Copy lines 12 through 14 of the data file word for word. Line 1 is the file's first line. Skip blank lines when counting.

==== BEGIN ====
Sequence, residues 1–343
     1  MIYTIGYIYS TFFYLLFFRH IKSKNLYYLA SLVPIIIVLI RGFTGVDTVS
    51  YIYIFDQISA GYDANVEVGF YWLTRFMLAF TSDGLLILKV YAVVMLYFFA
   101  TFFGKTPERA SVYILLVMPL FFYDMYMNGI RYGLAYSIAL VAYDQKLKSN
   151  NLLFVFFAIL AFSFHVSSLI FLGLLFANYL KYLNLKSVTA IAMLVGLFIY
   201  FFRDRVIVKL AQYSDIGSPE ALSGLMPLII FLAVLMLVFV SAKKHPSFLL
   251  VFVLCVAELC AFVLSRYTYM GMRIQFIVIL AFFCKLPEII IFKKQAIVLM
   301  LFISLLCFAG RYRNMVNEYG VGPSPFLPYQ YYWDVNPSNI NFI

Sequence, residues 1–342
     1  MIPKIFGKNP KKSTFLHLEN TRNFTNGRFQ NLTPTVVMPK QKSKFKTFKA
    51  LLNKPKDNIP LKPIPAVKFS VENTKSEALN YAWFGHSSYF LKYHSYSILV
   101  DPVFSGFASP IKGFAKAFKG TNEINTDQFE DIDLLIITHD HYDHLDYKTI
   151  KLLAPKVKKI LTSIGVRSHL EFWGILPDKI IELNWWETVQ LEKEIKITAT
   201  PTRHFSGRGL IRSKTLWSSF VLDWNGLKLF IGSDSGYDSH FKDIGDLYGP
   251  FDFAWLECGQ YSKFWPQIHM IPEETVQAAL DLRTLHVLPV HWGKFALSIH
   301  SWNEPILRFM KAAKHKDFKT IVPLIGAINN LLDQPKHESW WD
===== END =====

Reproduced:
   101  DPVFSGFASP IKGFAKAFKG TNEINTDQFE DIDLLIITHD HYDHLDYKTI
   151  KLLAPKVKKI LTSIGVRSHL EFWGILPDKI IELNWWETVQ LEKEIKITAT
   201  PTRHFSGRGL IRSKTLWSSF VLDWNGLKLF IGSDSGYDSH FKDIGDLYGP